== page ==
The last time Nebraska played Maryland, in the middle of its late-season swoon, the Huskers played one of their worst offensive games in years in a 60-45 loss.
The task Thursday, with Maryland's imposing front line, will literally be a tall one. And who knows where Nebraska's legs will be. But NU plans on showing up.
At least one Husker thought playing on Wednesday was an advantage. Teams aren't able to shoot in the United Center before their games.
"I think today was a good day to play. Now we know what to expect, and we know how the rims work," Glynn Watson said. "We played in here once and those guys are coming in fresh, so hopefully they'll be missing all their shots."
Maryland won't miss them all, but Nebraska feels confident enough in a defensive game plan that gave the team a chance in College Park and limited the Terps to 60 points in Lincoln.
So the Huskers can check off at least two boxes — attitude and defense. The question becomes whether Nebraska can find enough offense.
They'll need at least some points, even with an us-against-the-world mentality.
"We've been having that a little bit. Because when you go on a losing streak — it's really tough to go through that," Isaiah Roby said. "So when you go through that, you're either going to fall apart or come together. And fortunately we came together as a team, as a coaching staff, as a group of players."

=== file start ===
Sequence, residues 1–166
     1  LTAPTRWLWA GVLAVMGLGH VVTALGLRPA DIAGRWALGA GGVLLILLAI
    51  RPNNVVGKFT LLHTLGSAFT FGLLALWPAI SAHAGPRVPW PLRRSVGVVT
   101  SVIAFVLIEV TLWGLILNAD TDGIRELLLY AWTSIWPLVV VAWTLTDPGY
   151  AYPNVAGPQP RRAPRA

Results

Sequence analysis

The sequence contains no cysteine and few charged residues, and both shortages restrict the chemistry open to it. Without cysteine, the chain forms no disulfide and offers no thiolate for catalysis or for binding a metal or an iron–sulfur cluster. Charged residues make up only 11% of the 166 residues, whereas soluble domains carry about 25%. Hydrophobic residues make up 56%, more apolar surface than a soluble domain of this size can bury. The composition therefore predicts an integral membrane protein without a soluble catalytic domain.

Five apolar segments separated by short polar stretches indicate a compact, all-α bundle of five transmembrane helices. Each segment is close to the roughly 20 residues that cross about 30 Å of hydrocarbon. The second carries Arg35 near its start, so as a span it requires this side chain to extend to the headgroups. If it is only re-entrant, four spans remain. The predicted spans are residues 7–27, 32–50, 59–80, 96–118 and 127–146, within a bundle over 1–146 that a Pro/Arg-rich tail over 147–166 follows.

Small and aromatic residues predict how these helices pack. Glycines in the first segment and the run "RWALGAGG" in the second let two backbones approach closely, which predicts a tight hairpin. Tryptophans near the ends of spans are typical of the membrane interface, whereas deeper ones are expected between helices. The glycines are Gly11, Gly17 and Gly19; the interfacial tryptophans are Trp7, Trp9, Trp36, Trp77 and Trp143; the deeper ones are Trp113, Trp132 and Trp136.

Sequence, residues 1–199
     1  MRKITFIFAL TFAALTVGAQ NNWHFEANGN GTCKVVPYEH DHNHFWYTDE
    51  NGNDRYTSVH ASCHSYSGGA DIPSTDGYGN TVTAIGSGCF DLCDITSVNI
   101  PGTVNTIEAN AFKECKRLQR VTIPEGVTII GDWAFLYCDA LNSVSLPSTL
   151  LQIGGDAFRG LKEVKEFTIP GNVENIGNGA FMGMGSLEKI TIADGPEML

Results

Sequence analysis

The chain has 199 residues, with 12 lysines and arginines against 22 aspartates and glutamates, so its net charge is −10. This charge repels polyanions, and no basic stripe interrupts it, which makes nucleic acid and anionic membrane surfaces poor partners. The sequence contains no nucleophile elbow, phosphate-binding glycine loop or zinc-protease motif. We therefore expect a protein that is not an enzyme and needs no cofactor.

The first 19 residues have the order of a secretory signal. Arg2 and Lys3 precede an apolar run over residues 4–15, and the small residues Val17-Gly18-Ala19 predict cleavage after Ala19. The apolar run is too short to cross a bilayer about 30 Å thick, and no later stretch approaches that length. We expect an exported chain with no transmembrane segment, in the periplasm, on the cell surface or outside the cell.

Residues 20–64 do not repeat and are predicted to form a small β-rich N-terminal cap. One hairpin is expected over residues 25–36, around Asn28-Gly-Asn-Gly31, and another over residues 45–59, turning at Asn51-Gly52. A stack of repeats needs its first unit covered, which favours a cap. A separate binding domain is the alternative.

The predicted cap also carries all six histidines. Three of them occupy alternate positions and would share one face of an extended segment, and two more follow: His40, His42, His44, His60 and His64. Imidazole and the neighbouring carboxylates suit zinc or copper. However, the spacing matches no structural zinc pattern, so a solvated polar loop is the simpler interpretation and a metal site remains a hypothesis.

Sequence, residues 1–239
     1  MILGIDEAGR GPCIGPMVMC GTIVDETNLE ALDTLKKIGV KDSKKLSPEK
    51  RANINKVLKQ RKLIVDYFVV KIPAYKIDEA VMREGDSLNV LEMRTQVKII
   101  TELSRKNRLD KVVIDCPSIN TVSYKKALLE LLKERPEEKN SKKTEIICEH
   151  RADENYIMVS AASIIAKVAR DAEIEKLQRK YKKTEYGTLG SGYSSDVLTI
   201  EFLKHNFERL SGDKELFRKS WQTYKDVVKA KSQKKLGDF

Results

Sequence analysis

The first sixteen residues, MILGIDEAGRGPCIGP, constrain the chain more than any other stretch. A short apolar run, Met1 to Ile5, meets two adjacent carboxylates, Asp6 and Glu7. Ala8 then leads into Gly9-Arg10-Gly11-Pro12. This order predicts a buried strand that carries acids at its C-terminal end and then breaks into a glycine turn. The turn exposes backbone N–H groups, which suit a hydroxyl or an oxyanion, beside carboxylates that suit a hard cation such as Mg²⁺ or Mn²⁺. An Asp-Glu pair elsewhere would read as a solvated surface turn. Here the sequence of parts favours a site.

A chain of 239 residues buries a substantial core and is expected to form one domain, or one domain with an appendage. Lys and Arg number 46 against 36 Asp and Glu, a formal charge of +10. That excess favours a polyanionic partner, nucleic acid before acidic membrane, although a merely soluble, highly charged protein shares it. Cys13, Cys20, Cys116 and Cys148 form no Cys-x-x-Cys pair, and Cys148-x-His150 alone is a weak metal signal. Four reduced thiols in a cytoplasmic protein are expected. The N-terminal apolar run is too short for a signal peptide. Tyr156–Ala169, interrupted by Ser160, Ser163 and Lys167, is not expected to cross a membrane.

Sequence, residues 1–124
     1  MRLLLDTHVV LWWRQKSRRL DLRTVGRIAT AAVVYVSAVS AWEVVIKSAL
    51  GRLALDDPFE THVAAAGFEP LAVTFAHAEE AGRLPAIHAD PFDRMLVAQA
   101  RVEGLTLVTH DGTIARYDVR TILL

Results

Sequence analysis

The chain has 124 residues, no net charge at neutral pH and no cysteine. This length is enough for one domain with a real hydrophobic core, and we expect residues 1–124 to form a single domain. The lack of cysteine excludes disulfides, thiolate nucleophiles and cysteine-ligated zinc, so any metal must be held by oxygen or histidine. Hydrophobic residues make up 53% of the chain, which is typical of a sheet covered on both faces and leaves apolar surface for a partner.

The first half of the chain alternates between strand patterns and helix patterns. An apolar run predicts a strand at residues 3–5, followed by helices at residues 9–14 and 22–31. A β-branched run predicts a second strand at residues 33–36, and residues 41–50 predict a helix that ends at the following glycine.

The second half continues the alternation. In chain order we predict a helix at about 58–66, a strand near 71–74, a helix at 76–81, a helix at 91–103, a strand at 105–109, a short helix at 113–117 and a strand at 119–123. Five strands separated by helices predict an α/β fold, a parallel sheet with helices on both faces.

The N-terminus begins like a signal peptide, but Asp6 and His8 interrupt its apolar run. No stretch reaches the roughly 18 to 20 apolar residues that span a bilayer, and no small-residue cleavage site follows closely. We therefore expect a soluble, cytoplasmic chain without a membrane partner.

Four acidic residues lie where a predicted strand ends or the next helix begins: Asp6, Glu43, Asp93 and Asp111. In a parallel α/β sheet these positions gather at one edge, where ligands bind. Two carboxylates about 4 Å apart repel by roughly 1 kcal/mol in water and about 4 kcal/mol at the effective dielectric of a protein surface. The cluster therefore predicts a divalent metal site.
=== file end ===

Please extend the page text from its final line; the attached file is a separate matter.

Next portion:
Bench Mob pride: Tanner Borchardt used to be on Johnny Trueblood's shoes.
The former walk-on from Gothenburg was a founding member of Nebraska's Bench Mob last season, leading celebrations from the bench along with Trueblood and others.
"We're both a part of the Bench Mob — gotta remember where you came from," Borchardt said. "And I got called up to the big leagues a little earlier than him, but now it's his turn and he's making the most of it."
The two are good friends and room together on road trips.
And the guy from western Nebraska is plenty proud of his friend from the east.
"He's a great dude. I've talked to him all season. Obviously everybody wants to play, and he's been itching to play all season, and I've just been encouraging him — your time will come," Borchardt said. "And obviously it's come the last two games. He's performed above expectations and he's doing great."
Coming alive: James Palmer continued his late-season resurgence with a 34-point effort that ranks among the best not only in the history of the Big Ten Tournament, but in Nebraska's conference tournament history.
Palmer's total is the second-highest ever by a Husker in a conference tournament game, behind only the 42-point effort by Eric Piatkowski in the 1994 Big Eight Tournament.
Glynn Watson laughed when asked what he does when Palmer gets going like that.
"I just watch. Do my job. Whatever the play is, I try to do my job. But he was getting it going, so I was just trying to get the ball in his hands," Watson said. "He was getting fouled, he was doing whatever. He was doing James. That was big for us."